Constructs | Constructions

Curator: Roobina Karode

Kiran Nadar Museum of Art, New Delhi 23 April – 20 December, 2015.

For a brief period during the 1970s, human civilisation was convinced that it would establish a human colony in outer space within the next decade. Serious plans and designs for such colonies were discussed. But the bubble quickly burst and decades later we are still on earth, tackling problems of urban expansion, unfettered construction in the guise of development, webbing an intricate socio-economic network. Featuring works by 30 Indian modern and contemporary artists, this show interrogates the physical and psychological conditions of such earthly constructions.

Those works, by artists spanning different generations, explore mental, material and physical constructions by deploying a variety of materials and approaches – formalist, abstract, modernist and conceptual. Some works have an architectural form, combining visual and spatial properties to create an aesthetic experience. Gulam Mohammed Sheikh’s Kaavad: Travelling Shrine: Home (2008) is an installation of 34 panels that covers an entire room. Kavaads are a method of traditional storytelling made using multi-panelled wooden boxes and here Sheikh depicts incidents and characters from his personal history in a figurative and narrative style of painting, influenced by the aesthetics of traditional image- making styles of India, China, Japan and Persia. Elevator from the Subcontinent (2011) by Gigi Scaria is viewed in a static elevator. Inside, the viewer is disorientated by scrolling screens on three sides that simulate the vertical motion of an elevator. After adjusting to the dizzying experience due to simulation of an elevator, one gets a tour of a building. Starting in the underground parking, it moves up to the terrace to view a dense concrete urban cityscape, passing through the living rooms of various lower middle class and upper middle class houses. The decoration and arrangement of furniture in the room gives away the social positioning of its resident. The work, first shown in India’s pavilion at the 2011 Venice Biennale, negotiates the metropolitan social divide of class and caste. Constructs (2008–15) by Nataraj Sharma is an installation of two large iron towers, rusted and half- constructed, built like the modern apartments. The repetition of patterns, structures and its scale comments on the entrapment and unfeeling environment of our living. This installation is viewed with several large scale paintings by Sharma that show various scenes from a construction site – towering buildings against the miniscule size of man, tall cranes and extensive scaffolding, to display the scale of constructions.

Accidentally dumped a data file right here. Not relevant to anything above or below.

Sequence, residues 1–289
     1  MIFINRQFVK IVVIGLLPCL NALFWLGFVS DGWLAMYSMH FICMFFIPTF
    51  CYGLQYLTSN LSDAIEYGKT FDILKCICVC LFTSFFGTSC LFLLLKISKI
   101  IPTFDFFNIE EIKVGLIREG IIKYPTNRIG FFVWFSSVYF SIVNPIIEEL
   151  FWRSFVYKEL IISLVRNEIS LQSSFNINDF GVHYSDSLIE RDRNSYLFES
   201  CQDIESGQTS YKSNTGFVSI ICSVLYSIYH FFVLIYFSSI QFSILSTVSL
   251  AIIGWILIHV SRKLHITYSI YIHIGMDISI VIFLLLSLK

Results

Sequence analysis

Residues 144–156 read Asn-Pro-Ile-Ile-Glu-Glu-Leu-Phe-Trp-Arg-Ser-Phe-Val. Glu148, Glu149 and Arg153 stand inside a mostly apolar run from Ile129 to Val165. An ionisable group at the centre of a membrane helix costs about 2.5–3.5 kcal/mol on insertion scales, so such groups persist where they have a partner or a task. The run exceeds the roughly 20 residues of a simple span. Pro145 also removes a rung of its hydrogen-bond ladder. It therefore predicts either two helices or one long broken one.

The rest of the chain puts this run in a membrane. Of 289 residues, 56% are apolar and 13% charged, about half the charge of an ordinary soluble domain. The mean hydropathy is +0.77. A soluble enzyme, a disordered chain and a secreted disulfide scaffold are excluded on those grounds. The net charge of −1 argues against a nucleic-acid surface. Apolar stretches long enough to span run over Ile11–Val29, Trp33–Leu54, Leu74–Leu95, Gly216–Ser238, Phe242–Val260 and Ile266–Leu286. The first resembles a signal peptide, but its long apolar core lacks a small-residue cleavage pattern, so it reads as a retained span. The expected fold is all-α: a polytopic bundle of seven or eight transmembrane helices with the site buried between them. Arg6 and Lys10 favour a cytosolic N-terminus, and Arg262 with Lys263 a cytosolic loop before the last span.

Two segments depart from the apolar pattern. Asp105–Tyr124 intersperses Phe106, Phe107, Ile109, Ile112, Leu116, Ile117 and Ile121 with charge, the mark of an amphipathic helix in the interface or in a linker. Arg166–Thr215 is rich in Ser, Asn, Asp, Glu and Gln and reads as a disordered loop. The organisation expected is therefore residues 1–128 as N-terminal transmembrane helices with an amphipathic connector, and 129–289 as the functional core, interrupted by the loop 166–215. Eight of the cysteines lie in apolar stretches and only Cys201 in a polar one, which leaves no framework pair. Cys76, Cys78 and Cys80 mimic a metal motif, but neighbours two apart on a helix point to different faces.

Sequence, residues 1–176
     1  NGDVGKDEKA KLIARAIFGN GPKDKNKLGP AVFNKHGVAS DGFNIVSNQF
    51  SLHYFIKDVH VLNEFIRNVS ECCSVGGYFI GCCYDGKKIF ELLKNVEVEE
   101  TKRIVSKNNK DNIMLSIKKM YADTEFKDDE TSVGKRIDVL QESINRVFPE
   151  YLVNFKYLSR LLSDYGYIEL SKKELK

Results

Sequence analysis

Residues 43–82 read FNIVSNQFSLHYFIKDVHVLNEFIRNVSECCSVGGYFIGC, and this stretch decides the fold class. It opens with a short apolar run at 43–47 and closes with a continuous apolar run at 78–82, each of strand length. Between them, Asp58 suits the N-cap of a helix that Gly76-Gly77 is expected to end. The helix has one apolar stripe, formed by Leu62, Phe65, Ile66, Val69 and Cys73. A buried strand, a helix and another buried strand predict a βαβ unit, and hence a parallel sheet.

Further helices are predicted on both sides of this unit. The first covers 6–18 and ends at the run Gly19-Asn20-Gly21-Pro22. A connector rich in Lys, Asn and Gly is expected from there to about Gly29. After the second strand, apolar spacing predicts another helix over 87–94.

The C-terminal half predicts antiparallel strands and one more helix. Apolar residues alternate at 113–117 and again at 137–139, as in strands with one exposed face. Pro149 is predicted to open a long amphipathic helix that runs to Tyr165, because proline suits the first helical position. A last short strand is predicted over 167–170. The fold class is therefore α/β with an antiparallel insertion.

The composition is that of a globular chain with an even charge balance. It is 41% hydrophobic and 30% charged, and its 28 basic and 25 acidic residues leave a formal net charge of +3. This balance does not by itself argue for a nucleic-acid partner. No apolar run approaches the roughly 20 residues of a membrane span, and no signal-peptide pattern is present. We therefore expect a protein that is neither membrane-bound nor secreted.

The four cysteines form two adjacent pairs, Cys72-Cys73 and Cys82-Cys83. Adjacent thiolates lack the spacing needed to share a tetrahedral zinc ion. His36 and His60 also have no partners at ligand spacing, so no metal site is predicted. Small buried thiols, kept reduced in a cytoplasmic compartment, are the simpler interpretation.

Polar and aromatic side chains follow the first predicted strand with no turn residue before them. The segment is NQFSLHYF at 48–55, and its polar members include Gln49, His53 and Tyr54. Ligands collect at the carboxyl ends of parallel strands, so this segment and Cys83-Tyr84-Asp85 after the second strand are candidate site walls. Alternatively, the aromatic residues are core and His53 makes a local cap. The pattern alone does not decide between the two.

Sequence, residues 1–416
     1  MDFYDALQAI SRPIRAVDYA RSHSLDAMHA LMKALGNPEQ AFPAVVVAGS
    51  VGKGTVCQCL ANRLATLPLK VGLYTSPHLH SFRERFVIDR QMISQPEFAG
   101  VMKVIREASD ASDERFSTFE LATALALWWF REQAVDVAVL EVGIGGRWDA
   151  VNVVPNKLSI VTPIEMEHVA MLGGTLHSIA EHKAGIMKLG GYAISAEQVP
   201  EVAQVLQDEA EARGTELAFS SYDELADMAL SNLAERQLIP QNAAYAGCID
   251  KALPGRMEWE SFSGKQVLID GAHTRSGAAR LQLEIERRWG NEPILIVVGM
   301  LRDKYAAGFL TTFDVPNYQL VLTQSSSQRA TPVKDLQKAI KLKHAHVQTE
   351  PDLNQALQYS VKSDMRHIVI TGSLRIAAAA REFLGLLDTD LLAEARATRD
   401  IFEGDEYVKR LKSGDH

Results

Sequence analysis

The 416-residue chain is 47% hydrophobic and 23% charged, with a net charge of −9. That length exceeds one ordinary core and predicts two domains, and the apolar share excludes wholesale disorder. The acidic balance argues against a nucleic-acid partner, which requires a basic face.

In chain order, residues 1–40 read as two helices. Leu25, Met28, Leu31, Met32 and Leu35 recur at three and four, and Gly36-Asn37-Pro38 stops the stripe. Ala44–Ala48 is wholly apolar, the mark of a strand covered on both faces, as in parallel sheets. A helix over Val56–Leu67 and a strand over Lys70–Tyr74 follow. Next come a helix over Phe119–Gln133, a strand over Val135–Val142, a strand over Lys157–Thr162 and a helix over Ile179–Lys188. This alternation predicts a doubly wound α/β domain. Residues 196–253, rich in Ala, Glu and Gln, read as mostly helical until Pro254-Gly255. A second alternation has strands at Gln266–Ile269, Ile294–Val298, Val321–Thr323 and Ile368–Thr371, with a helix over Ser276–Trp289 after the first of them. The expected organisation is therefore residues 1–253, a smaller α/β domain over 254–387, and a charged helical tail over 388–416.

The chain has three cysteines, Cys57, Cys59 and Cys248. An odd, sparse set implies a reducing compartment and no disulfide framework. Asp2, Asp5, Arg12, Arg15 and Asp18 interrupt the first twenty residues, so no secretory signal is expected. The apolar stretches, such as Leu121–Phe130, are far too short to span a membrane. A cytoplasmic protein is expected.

Gigi Scaria, Elevator from the Subcontinent, 2011

Gigi Scaria, Elevator from the Subcontinent, 2011

The urban landscape – the density, the overpowering fields of concrete – can be seen in most of the artworks. The paintings of Indian modernists F.N. Souza, S.H. Raza and Ram Kumar shows earth, streets, churches and villages. While most of the works in the exhibition focus on buildings, few focus on human relationships with buildings. Works by Sudarshan Shetty and Zarina give different articulations of home, waiting and longing. The abstraction of forms is seen in the works of Yamini Nayar, Jeram Patel, Ganesh Haloi and V. Vishwanadhan. Yamini Nayar’s photographs are close-ups of collages created by pasting, cutting, ripping, scratching, sticking paper, glass, thread and wire. Ganesh Haloi’s perception of landscape is conceptualised in geometric forms in his paintings. The abstractions are memories of an imagined space constructing sublime feelings and transcendental space.

Urban life offers us plenty of experiences of sites of construction, but the construction of memories and experiences is far more appealing as it challenges the current state while constantly reviewing our world and perception. More bent on the physical entrapments of the urban jungle, the exhibition has an exiguous engagement with the constructions of the mind as seen in the more abstract forms. One work epitomising this is Anish Kapoor’s In Mind (2014), where a transparent acrylic cube manifests emptiness by trapping air bubbles, perhaps the way an artist constructs with materials to reify mental imagery.

This review is published in Art Review Asia, Autumn 2015.